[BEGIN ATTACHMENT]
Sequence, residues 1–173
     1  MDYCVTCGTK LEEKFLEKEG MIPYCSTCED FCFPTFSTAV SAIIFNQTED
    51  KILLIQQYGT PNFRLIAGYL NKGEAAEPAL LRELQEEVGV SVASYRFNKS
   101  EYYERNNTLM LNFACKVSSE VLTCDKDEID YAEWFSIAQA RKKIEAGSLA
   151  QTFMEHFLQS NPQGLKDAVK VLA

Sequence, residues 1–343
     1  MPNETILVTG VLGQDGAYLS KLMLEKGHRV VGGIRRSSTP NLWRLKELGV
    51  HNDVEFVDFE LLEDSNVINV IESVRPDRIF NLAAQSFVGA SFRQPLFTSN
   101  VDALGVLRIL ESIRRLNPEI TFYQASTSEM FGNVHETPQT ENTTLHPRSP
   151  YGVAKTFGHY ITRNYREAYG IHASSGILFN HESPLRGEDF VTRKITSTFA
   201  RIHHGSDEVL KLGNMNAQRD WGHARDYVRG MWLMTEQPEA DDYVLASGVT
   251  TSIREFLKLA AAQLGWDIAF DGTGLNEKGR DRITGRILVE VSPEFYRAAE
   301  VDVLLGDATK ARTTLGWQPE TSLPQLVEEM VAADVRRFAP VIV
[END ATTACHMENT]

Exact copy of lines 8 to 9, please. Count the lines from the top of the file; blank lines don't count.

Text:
    51  HNDVEFVDFE LLEDSNVINV IESVRPDRIF NLAAQSFVGA SFRQPLFTSN
   101  VDALGVLRIL ESIRRLNPEI TFYQASTSEM FGNVHETPQT ENTTLHPRSP